What comes to mind when you look at the chart above? What could the chart possibly be tracking? The EKG of a defective heart? Altitude measurements of the various Tour de France stages? The stress level of an air traffic controller during peak hours? None of the above. The above chart represents the Bitcoin price over the past three months.
In the modern connected, Internet age, following the herd may not only be ill-advised but also downright dangerous – in both social and financial matters. On the social side, connected devices and social media have spawned various fads and crazes of varying levels of stupidity and danger, with some fads even resulting in deaths. Some of the most unbelievably stupid recent stunts have included the duct tape challenge, the car surfing challenge, and the choking challenge just to name a few. So what explains this mass madness?
Privacy anywhere is hard to find these days, but on the Internet, it simply doesn’t exist unless you really put a lot of time, money and effort into it. In an age of interconnected devices, your every step and action is being tracked and monitored whether you think so or not. Your cellphone tags your location every second of every minute of every day. Your Google search log records your private thoughts, interests, and impulses.
In business, there are two ways to improve the bottom line, either by 1) putting your assets to more productive use to improve the inflow of income or 2) reducing the outflow of expenses. In investing, to improve cash flow, you can either 1) find investments with the better returns for the cash you already have or 2) reduce your expenses to free up more cash for your current investments.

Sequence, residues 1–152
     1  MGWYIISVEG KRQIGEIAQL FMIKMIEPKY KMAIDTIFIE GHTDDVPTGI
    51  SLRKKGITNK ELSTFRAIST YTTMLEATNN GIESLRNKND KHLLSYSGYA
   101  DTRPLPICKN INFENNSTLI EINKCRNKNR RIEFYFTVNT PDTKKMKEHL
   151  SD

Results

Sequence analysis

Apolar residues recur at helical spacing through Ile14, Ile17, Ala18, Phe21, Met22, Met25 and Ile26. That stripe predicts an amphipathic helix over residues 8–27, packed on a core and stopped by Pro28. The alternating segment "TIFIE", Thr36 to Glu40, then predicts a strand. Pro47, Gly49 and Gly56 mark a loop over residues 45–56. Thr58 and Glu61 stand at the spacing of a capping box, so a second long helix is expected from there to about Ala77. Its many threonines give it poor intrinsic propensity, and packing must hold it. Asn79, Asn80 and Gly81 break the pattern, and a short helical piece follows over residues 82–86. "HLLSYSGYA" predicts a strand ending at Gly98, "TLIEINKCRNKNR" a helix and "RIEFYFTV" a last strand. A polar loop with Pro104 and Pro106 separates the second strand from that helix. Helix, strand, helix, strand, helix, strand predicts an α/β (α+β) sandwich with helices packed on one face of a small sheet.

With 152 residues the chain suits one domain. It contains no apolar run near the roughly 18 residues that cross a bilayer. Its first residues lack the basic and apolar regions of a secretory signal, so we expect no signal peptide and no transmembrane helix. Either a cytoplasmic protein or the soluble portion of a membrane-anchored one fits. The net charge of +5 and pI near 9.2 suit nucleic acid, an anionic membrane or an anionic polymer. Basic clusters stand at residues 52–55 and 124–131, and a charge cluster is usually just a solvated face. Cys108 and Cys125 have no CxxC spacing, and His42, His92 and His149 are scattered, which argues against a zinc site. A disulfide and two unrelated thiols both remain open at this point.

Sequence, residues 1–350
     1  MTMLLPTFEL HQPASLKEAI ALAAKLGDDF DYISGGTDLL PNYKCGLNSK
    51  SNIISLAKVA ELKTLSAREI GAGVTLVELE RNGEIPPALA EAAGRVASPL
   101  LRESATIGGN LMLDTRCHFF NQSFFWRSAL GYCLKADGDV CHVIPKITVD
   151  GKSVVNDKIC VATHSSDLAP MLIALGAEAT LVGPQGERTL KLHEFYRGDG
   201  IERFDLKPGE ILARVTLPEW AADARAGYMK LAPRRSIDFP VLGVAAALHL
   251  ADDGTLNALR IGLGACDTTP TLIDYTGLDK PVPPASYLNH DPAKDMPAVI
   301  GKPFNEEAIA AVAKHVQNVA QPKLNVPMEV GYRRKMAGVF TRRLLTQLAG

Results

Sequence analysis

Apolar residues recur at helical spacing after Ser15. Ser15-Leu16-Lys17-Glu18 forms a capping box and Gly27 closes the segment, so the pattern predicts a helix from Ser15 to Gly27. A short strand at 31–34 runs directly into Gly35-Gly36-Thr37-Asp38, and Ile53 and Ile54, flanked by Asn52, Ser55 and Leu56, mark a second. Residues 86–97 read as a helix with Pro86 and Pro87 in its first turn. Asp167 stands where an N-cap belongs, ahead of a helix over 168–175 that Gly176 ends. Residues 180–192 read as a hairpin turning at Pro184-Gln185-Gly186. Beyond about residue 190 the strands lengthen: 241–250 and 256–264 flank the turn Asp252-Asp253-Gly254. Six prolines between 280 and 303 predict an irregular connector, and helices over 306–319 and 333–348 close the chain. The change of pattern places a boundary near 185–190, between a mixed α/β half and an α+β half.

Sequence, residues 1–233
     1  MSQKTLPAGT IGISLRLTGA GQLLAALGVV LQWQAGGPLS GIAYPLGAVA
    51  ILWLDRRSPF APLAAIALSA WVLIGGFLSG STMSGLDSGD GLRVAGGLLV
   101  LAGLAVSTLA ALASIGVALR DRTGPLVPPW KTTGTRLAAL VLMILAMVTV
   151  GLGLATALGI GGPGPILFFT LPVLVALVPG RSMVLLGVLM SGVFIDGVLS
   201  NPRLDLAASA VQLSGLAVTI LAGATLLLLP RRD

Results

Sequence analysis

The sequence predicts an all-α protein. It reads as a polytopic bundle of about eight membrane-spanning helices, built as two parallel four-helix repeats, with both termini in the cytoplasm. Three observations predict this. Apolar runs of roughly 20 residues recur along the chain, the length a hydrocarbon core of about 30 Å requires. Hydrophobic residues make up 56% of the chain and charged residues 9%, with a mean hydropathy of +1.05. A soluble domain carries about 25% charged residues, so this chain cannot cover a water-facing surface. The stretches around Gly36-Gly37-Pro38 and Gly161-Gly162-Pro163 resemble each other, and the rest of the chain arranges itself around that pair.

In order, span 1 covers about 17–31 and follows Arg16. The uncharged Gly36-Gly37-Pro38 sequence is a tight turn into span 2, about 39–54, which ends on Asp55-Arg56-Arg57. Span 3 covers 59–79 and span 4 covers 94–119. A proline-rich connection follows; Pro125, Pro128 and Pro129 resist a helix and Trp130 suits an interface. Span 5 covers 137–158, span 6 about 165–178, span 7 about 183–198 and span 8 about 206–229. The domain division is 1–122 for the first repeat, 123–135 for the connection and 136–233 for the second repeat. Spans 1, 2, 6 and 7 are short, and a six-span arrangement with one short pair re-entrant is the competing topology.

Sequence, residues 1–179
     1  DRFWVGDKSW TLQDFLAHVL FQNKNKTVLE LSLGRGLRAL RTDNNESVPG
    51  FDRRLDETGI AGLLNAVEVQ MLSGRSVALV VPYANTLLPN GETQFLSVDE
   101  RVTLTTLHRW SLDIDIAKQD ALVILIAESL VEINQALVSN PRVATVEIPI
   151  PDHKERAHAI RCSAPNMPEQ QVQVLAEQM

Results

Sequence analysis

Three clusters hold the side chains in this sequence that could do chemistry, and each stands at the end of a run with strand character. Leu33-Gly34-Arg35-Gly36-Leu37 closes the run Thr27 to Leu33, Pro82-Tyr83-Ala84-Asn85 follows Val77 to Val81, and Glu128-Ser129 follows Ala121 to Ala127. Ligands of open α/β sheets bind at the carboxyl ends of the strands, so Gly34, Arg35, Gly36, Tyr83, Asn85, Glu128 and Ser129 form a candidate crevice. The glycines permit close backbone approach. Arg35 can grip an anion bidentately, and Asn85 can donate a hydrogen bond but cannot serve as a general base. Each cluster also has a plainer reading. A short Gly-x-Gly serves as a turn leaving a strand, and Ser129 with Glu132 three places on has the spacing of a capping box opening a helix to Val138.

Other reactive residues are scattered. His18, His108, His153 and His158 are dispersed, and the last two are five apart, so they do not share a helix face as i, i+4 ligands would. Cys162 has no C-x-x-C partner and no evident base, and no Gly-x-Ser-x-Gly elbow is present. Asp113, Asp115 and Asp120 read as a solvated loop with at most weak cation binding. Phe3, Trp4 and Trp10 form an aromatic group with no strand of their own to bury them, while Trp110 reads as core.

Unless you were born with a silver spoon in your mouth, it wasn’t easy to get to where you’re at financially and professionally. You had to work at it. Like many in your position, you got to where you’re at because you invested in yourself. First, you invested in your education by doing well in school. Then, you found a good job out of school and invested in your career by putting in the time to rise through the ranks, but here is why you’re reading this article today.
During the real estate boom ten years ago, much was made of all the seemingly new millionaires being made every day. Then when it all came crashing down in 2008, these millionaires were wiped out overnight. What happened? Being a millionaire should ensure financial security right? Wrong. It depends on the type of millionaire you are. There’s the net-worth millionaire and the cash-flow millionaire.
The Great Recession officially lasted from December 2007 to June 2009 and had immediate and lasting negative financial impact on households and the broader markets. The economy bottomed out, crushing the real estate and stock markets, destroying $18.9 trillion of household wealth and wiping out more than eight million jobs. Investors heavily invested in the stock market through investment and retirement accounts saw their portfolios wiped out almost overnight.
To significantly grow wealth, it doesn’t hurt to learn from those who are good at it, more specifically looking at the investing habits of those with a good track record of growing their wealth. And university endowments have been some of the most successful investors at growing wealth. And ranked among the wealthiest and most successful of university endowments is the Yale University Endowment.
During the 2012 elections, one of the revelations that came out about Republican candidate Mitt Romney’s finances was that his self-directed IRA was worth up to $100m. With current annual contribution limits of $5,500 for those younger than 50 and $6,500 for 50 and older, how the heck does anybody build an IRA worth $100m?
With a self-directed IRA with checkbook control, the owner has complete signing authority over his/her retirement funds. No more going through an administrator to fund investments. This type of control offers greater investment freedom, allowing the owner to manage assets with ease.